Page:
A study has found that people who have been consuming acid reflux drugs might be at a 24 percent higher risk of being diagnosed with type 2 diabetes. Experts have warned people saying that those who are taking proton pump inhibitors (PPI) are twice more likely to be diagnosed with type 2 diabetes. Proton pump inhibitors are available in the market with the brand names of Prilosec and Nexium. The study says that the longer people use acid reflux drugs, the higher the risk of diabetes is. Scientists from Sun Yat-sen University in China have come up with this study. They have said that people, who have been using these medications for more than 2 years, need to get their blood sugar level checked for the diagnosis of diabetes.
Experts have said these proton pump inhibitors block the enzyme in the surface of the stomach, which produces acid, which prevents ulcers in the stomach. It also heals the existing ulcer, acid reflux, and rapid heartburn. There are nearly 15 million people in the US who use PPIs regularly. The team of experts has observed around 205000 participants who have been included in three previous studies the US Nurses’ Health Study (NHS), NHS II, and the Health Professionals Follow-up Study (HPFS). NHS and NHS II have analyzed the risk factor for chronic ailments among the women, while HPFS has evaluated the risk factor for severe disease in men.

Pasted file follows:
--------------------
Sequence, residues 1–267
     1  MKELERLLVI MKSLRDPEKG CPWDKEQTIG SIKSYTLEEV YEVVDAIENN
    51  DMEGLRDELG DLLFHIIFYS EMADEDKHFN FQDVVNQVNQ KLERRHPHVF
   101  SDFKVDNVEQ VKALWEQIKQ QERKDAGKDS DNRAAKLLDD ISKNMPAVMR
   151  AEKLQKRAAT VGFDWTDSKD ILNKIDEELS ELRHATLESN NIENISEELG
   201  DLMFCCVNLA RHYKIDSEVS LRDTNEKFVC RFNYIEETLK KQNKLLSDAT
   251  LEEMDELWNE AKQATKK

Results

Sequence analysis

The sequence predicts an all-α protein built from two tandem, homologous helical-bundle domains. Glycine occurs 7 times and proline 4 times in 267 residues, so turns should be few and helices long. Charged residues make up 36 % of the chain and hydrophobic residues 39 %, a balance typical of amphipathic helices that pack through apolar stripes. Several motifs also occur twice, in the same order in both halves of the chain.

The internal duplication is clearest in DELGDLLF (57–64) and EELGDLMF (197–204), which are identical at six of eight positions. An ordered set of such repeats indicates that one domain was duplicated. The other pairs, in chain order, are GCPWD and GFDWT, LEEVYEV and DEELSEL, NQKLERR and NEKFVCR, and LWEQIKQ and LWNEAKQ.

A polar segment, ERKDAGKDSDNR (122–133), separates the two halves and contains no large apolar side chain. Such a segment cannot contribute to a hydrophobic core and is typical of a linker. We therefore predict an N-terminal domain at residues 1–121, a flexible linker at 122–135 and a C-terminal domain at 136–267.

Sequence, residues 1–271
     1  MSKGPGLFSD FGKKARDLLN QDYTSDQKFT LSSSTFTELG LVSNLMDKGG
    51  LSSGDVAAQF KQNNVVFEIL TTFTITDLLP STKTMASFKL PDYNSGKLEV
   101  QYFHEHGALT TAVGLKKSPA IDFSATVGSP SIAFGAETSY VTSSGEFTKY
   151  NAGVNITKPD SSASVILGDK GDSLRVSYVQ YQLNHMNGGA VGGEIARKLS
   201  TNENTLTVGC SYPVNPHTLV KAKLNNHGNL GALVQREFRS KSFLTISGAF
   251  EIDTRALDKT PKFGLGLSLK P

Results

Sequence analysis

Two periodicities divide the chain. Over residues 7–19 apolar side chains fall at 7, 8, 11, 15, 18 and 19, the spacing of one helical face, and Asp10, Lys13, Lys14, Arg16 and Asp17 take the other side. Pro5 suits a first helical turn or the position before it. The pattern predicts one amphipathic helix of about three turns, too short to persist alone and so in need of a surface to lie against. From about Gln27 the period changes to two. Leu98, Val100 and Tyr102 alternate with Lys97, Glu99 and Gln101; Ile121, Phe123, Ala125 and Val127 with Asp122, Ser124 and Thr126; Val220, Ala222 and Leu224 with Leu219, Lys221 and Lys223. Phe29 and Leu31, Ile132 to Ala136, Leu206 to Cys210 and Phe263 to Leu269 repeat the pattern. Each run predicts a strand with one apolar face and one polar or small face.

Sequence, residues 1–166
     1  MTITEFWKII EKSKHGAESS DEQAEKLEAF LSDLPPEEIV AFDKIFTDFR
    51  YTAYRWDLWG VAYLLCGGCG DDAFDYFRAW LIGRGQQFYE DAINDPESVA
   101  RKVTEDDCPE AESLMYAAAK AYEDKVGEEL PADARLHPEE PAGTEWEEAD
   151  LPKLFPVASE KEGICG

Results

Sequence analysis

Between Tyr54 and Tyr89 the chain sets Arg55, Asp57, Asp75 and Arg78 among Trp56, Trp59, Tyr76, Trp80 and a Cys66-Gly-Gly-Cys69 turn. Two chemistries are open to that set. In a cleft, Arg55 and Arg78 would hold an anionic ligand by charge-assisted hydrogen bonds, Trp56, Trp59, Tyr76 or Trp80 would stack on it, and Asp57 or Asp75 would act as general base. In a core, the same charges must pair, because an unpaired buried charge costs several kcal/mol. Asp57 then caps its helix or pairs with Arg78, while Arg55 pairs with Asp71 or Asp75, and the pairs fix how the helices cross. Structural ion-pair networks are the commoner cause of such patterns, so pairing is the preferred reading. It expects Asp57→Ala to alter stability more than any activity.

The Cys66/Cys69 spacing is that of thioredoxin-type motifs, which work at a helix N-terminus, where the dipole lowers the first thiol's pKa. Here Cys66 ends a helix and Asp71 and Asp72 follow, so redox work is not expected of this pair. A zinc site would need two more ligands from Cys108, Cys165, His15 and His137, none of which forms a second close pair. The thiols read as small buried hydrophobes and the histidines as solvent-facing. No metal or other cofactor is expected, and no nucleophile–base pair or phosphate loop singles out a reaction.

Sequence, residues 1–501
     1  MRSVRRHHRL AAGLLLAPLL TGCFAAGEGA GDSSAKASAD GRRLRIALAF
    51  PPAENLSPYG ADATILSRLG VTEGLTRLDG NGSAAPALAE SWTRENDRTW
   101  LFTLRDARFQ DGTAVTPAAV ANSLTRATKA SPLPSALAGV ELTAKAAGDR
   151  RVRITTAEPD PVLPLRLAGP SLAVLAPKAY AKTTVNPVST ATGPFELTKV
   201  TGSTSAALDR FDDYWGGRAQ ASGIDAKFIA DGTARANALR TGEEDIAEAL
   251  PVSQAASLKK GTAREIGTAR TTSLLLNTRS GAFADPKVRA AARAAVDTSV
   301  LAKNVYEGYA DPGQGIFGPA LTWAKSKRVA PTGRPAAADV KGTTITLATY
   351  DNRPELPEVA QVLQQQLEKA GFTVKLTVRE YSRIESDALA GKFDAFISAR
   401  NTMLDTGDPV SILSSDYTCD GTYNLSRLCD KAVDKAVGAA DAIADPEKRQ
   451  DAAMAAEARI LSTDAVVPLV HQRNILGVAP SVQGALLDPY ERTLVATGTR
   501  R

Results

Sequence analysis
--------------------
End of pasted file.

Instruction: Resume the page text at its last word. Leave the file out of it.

Volunteers of these studies have been asked whether they have used PPIs for more than two years. At the end of the study, nearly 10000 volunteers have been diagnosed with type 2 diabetes. Barring other factors, the risk of type 2 diabetes among people taking PPI has been more than 50 percent. At the same time, the risk of diabetes among people who have not been taking PPI has been quite less. After evaluating other factors like high cholesterol and high blood pressure, people using proton pump inhibitors have been at a 24 percent increased risk of developing type 2 diabetes as compared to those who do not use it. Scientists have claimed that factors like age, sex, and family history are not important factors in increasing the risk of type 2 diabetes among people using PPI while these factors do play a bigger role in the higher risk of diabetes among people with body weight and blood pressure. This study has been published in the journal Gut.